I don’t think I could have confidently predicted how any aspect of my college career turned out today when I first moved into that Mountainview College suite four years ago. For one day — the first day of classes — I was a biology major and a member of the First-year Research Immersion program, taking statistics and chemistry classes while living on a floor of nursing students. For anyone who knows me now, perhaps you can see why this version of me only lasted for that one single day.
I came home after my first day of classes, sat down on the floor in my common room hallway and called my parents to tell them I wanted to be an English major. And boy, do I remember their reaction. Looking back, I think we can all laugh at the emotions that night, crying as I registered for new classes and kept one biology course in my back pocket at my dad’s advice. I considered transferring, because I feared that Binghamton University was not the school for English. I was wrong.
Of course, it wasn’t just the classes that defined my college years. It was everything outside of it.
I don’t remember how I stumbled upon Pipe Dream. I am tempted to give credit to the English Listserv. I remember sending my application, only to hear back from the Opinions Editor at the time, Sarah, saying they liked my column so much they wanted to publish it the very next day. I was nearly peeing my pants from excitement. I will never forget what it was like to see my headshot, though unflattering, on the front page of a newspaper in every Pipe Dream stand on campus. Terrifying, but thrilling.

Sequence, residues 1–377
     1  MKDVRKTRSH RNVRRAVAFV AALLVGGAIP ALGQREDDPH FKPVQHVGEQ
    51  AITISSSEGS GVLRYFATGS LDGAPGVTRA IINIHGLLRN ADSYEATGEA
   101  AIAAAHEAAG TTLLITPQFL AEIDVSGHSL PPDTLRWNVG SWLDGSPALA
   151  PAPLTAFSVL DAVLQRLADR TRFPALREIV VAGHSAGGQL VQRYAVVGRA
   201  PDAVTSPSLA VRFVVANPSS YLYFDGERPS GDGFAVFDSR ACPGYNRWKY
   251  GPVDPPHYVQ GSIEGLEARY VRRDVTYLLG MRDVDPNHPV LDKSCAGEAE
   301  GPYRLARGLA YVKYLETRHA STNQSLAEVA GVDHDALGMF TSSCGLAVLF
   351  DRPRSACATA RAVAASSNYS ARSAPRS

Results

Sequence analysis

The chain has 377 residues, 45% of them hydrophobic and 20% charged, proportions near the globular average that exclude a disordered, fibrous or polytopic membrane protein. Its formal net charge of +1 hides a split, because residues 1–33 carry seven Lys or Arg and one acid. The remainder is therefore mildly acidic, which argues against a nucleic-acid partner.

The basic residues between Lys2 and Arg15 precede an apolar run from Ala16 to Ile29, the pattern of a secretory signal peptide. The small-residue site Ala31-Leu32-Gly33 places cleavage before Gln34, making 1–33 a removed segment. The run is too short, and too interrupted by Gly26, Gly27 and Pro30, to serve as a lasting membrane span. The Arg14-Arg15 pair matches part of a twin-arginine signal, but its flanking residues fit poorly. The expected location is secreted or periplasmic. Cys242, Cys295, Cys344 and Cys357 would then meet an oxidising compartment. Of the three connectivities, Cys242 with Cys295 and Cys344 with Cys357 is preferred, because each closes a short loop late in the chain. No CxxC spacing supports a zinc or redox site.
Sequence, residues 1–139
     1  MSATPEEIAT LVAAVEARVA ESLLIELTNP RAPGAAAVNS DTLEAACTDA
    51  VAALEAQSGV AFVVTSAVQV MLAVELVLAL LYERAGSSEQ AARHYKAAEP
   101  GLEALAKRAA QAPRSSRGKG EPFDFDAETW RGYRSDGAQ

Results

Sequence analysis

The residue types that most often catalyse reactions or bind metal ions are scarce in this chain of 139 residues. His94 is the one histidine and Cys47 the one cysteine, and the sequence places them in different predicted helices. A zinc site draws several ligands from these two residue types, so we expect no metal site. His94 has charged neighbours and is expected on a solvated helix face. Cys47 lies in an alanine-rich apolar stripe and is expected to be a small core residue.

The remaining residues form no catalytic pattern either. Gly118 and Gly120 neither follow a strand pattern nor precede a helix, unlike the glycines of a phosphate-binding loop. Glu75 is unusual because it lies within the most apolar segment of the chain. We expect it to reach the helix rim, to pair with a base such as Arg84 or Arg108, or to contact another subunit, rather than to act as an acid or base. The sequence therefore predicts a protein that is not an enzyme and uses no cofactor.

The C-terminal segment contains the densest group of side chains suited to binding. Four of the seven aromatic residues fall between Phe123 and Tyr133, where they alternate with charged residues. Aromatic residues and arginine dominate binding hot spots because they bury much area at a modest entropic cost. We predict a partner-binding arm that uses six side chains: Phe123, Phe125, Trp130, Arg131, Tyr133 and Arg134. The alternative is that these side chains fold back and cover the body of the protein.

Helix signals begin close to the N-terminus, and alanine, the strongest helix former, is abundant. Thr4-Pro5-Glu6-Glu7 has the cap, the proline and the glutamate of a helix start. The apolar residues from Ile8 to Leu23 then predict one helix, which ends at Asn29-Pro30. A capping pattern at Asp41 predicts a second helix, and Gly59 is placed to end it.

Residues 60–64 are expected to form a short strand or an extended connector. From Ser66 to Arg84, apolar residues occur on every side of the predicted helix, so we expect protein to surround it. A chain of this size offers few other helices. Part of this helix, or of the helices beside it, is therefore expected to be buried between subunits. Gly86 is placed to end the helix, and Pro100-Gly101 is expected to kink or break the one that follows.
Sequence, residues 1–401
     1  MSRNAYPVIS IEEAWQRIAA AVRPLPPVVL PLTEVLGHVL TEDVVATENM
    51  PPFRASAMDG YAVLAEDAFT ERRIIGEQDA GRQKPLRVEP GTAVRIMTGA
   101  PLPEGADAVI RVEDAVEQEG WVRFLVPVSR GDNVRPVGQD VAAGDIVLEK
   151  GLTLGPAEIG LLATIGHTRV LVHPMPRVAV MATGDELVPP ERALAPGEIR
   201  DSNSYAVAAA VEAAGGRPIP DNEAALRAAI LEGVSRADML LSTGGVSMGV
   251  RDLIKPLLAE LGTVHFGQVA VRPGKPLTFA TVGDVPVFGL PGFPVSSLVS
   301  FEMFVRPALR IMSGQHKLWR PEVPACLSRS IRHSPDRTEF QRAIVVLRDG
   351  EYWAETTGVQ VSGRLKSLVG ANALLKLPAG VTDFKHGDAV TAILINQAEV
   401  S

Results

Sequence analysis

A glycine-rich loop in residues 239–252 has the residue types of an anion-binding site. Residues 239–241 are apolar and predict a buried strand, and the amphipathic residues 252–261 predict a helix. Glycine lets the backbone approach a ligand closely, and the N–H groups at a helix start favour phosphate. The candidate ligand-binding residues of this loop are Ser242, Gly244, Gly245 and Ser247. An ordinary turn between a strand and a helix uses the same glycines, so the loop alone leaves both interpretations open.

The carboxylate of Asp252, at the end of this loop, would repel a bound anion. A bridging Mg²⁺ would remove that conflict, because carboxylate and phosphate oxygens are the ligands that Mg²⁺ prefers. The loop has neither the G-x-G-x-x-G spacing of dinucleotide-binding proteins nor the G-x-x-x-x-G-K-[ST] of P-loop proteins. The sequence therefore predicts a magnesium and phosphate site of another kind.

Getting to write for Pipe Dream helped me realize I had a voice, and that voice could be powerful. Once I started writing columns on social activism, I never wanted to stop. That’s also probably what led me to create Change of Tone.
When I was a freshman, I told my mom that I would never join an a cappella group because it was super lame. To no one’s surprise, I joined literally as soon as I could. I guess my mom got me on that one. I spent three years in a very talented group until May 2020, when things started to change. Between the Black Lives Matter movement and COVID-19 sending me home packing, my spring semester of sophomore year was difficult. I wanted to make a difference, but struggled finding the right way to channel those emotions. I was angry with the police, with politicians, with BU. But I was most angry with my friends.
I think one of the hardest realizations I have ever come to was that spring, when I noticed that my closest friends throughout college would never care about diversity and inclusivity as much as I did. And that even if they did care, they would never make it a priority. It broke my heart. So, I left the group.